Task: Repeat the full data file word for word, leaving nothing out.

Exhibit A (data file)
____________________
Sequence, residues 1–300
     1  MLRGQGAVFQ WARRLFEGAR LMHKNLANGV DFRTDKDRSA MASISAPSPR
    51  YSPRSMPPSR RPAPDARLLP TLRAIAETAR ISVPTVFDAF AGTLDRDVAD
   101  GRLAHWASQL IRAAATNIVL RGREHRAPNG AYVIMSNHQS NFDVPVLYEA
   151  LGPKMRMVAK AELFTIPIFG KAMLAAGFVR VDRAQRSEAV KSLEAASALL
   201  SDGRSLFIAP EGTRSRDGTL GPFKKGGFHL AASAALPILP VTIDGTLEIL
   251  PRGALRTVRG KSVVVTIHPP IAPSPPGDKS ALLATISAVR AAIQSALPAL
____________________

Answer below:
Sequence, residues 1–300
     1  MLRGQGAVFQ WARRLFEGAR LMHKNLANGV DFRTDKDRSA MASISAPSPR
    51  YSPRSMPPSR RPAPDARLLP TLRAIAETAR ISVPTVFDAF AGTLDRDVAD
   101  GRLAHWASQL IRAAATNIVL RGREHRAPNG AYVIMSNHQS NFDVPVLYEA
   151  LGPKMRMVAK AELFTIPIFG KAMLAAGFVR VDRAQRSEAV KSLEAASALL
   201  SDGRSLFIAP EGTRSRDGTL GPFKKGGFHL AASAALPILP VTIDGTLEIL
   251  PRGALRTVRG KSVVVTIHPP IAPSPPGDKS ALLATISAVR AAIQSALPAL